Just now as I am typing, Henry awoke.  He had a brief moment of startle and then looked left and right and immediately saw me.  Right away he started smiling.  This reaction illustrates one reason that I decided to bedshare.  Often when Henry first awakes he appears startled.  When he scans his surroundings and sees me, he calms.

Moreover, he is a restless sleeper.  Whether it's gas or dreams or just his sleeping style, he often kicks and flails in his sleep.  Alone he usually wakes himself, with my hand on him, he often returns to a restful state.

Another reason for bedsharing is the ease of breastfeeding.  Henry rolls on his side to face me when he needs to breastfeed.  He may be hungry or he may be searching for comfort, but either way, he knows I am there.  Some may view it as a crutch or an inability to self-soothe.  I choose to look at it as the first signs of self-soothing.  Even half asleep, he knows that he can roll to one side and I will be there.  Just as an adult turns to what he finds comforting, Henry seeks breastfeeding to soothe himself.

And last, but equally important, I enjoy the view when I open my eyes.  I may sleep more soundly and comfortably if Henry slept in his own room, but what a view I would be missing.  I open my eyes to see him nestled up against me and his father a few feet away.  Both my boys, my loves, my heart, right there, perfectly safe, perfectly calm, perfectly content.  My world within an arms reach.  

So, while one day Henry will sleep on his own, that day isn't today.  I believe that when he is ready he will transition naturally and easily.  Until that day, my job is to prepare him for that transition by teaching him that the world is safe, and bedsharing is one of the ways that I will do it.  In the meantime, I will cherish the sweet baby snuggles that he so freely gives.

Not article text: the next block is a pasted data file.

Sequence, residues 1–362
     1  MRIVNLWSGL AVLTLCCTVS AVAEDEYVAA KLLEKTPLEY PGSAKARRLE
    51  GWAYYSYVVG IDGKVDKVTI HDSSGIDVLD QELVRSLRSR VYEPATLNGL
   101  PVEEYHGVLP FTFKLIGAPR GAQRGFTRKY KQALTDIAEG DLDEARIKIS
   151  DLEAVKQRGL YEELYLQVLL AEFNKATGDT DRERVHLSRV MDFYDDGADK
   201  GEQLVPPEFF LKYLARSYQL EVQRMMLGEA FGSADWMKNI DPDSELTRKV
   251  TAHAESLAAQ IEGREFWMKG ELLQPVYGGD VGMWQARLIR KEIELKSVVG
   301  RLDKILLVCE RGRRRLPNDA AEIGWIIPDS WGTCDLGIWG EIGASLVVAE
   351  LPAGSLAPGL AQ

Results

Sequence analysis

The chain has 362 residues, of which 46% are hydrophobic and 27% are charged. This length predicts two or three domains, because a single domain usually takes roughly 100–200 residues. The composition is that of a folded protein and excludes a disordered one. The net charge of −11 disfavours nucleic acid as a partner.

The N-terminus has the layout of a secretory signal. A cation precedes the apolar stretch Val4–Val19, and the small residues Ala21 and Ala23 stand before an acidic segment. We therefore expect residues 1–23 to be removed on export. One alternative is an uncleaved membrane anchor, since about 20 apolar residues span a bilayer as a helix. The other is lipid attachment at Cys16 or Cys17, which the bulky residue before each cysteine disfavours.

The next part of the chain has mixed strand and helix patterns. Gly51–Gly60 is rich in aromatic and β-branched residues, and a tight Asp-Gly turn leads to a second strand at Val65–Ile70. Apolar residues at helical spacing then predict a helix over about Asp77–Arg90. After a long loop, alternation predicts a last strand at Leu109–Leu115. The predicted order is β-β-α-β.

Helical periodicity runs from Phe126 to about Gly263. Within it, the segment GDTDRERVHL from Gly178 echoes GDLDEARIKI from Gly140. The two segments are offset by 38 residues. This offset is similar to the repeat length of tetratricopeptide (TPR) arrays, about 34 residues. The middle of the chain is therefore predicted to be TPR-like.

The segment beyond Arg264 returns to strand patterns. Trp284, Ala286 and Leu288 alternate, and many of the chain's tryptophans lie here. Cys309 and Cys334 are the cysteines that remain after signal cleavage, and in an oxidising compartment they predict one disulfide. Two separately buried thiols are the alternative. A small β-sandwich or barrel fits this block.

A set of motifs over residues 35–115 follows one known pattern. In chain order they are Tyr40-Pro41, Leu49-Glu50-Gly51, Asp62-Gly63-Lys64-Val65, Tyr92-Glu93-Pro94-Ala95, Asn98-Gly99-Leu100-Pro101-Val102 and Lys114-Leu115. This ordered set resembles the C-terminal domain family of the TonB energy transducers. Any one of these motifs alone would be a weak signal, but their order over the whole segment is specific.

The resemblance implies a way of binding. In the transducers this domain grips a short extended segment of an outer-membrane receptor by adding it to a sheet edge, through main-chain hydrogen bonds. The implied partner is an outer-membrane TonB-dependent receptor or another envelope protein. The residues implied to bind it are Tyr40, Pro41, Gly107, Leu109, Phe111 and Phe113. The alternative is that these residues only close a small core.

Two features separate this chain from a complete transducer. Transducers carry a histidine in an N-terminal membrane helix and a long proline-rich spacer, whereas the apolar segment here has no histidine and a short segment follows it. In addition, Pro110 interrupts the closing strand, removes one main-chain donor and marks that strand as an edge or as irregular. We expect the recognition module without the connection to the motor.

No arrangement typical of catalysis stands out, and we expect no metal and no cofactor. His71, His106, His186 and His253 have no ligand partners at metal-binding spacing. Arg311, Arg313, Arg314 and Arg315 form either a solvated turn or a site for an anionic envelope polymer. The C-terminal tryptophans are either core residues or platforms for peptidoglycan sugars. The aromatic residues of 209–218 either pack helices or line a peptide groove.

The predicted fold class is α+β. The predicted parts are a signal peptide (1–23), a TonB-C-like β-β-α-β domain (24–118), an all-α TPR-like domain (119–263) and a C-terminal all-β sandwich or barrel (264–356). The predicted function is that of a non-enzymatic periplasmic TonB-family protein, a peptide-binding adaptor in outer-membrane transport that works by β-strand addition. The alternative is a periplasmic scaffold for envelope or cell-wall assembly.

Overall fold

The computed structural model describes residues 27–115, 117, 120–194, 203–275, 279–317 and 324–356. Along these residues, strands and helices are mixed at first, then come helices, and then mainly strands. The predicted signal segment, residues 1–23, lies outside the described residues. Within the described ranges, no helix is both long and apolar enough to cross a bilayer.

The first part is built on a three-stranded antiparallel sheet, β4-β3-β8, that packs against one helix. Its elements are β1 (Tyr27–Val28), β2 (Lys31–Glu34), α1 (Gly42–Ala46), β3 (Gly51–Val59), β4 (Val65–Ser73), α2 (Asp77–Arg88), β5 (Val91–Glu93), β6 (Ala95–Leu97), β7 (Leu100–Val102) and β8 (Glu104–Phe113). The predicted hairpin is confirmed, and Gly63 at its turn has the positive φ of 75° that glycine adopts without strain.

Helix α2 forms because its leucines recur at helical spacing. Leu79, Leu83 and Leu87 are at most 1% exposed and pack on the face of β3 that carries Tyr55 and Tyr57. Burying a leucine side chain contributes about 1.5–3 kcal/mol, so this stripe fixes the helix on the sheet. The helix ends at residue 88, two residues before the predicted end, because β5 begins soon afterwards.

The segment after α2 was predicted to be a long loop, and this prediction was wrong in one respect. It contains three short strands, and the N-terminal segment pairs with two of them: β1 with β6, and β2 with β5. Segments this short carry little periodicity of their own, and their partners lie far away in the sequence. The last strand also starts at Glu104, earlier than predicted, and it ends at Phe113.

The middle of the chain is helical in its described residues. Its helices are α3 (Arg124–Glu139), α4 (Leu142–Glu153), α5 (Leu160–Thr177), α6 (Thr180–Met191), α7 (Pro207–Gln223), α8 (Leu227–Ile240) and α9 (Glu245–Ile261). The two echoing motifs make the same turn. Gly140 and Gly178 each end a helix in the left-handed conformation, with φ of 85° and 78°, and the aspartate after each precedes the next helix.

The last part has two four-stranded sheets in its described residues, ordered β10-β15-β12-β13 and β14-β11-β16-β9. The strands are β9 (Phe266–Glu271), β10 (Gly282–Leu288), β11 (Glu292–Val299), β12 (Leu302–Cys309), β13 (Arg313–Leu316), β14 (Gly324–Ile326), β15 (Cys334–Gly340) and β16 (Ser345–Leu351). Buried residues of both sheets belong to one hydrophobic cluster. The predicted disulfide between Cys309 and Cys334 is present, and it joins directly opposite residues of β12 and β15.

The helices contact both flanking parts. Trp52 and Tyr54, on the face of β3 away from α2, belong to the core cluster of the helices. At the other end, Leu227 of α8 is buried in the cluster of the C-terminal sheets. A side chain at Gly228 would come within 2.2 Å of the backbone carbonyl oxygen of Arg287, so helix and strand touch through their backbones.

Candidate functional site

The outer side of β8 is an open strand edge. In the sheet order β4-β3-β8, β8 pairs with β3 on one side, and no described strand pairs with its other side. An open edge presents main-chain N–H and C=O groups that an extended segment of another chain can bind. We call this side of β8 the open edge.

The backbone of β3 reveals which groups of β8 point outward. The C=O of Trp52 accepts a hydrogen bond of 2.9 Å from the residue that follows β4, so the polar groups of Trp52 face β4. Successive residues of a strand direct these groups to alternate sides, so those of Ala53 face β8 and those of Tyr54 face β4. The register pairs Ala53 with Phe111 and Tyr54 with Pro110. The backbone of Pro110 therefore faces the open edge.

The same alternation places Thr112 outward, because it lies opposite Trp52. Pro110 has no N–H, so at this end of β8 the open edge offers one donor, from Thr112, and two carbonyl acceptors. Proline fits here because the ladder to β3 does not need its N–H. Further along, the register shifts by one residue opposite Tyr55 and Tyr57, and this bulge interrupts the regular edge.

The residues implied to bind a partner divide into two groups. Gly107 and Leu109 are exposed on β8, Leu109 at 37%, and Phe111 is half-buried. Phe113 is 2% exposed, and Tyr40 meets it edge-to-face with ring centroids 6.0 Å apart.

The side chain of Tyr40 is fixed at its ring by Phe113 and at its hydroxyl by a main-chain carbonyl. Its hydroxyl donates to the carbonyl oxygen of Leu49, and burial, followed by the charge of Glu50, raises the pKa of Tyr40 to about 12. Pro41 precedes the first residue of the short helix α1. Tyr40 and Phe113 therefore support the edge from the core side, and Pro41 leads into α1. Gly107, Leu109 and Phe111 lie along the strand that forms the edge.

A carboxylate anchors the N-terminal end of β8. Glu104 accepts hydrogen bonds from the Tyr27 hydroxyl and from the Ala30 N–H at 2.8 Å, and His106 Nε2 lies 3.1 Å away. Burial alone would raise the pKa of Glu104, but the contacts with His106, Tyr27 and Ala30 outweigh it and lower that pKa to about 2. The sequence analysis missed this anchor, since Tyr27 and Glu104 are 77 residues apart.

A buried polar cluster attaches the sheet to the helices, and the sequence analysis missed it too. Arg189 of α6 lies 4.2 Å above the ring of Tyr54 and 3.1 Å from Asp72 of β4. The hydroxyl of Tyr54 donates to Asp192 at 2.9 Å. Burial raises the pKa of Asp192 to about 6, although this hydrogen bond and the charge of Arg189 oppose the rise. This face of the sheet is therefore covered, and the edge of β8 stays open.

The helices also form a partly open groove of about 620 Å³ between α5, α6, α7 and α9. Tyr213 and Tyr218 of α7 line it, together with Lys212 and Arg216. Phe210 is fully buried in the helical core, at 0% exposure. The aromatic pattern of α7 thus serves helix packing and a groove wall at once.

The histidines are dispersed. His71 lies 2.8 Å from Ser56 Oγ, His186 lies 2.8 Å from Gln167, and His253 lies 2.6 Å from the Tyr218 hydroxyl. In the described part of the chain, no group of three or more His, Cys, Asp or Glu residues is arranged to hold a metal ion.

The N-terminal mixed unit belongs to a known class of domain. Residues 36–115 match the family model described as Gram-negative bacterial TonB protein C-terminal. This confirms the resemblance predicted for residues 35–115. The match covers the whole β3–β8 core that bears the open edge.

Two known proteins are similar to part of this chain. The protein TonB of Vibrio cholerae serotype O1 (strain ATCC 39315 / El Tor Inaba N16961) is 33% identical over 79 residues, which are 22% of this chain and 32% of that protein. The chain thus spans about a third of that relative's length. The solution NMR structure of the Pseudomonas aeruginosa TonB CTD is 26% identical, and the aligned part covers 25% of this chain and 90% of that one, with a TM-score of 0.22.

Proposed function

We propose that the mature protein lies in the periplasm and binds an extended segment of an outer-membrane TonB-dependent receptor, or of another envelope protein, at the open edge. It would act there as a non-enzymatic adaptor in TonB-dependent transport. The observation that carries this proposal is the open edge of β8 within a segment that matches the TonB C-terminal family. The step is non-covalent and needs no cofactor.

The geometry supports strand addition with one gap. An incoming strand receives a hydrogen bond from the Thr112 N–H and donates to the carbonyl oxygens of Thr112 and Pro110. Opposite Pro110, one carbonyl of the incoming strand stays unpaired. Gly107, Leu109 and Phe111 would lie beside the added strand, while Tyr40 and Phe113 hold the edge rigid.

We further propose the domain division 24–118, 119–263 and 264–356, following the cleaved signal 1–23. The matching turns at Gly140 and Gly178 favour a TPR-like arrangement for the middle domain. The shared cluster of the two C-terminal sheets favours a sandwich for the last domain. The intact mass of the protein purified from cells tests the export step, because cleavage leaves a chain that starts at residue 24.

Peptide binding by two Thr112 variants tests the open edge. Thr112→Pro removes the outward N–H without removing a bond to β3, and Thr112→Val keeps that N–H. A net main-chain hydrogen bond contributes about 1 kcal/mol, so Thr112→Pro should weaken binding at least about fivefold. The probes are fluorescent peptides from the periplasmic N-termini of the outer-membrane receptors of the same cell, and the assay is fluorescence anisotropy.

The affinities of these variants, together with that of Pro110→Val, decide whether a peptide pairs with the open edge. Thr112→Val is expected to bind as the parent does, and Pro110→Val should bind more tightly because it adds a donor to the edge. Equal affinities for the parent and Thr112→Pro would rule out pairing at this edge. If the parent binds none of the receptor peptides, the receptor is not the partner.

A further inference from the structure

Postpartum Exhaustion

by Boon and Boys

Postpartum depression is something that is both well known, and yet not talked about enough.  Most women don't like to discuss it.  After all, we're supposed to  be built for motherhood.  We're expected to love pregnancy and exclaim how much our lives have improved once our baby gets here.  Forget about the pains, sleep deprivation, and hormones.  Everyone tells you how much they envy you and would give anything to go back to the time you are in.   Then, you start to feel guilty for any negative feelings you have.  I'm here to tell you that you're not alone.  (If you do think you are struggling from postpartum depression, please seek help.  Your doctor is the person to go to.  It's a real thing, and is very important to address).

What I want to talk about is what I've coined "postpartum exhaustion."  I didn't experience postpartum depression, but I was on the cusp, and I'll tell you the reason I named that cusp "postpartum exhaustion."  Before having Henry I had heard how horrible sleep deprivation is.  Everyone warns you, but you don't know what you're getting into.  At least I didn't.  I also didn't realize that on top of that sleep deprivation, I'd have hormones making me feel emotional and guilty and happy and incredibly in love and then frustrated and discouraged and basically all over the place.  I didn't realize that my body would no longer be my own.  During pregnancy of course I knew my body was not only mine, but after giving birth I'd have it back, right?  Wrong.  Not only does my body feel, operate, and somewhat look different, but I am constantly breastfeeding, holding my baby, and am covered in all sorts of liquid.  I knew caring for a baby was hard, but I didn't realize I wouldn't have any time to myself.  Then, on top of all of it, I'd feel guilt for feeling anything but positive thoughts about motherhood.

I was exhausted.  Postpartum depression is a real thing, and postpartum exhaustion is real too.  Henry is five months old, and I'm still tired, sore, and in need of some me time, but I'm no longer in the depths of postpartum exhaustion.  Even in the worst of it, I loved my son, but (as hard as it is to say) there were days I wasn't sure I was cut out for it.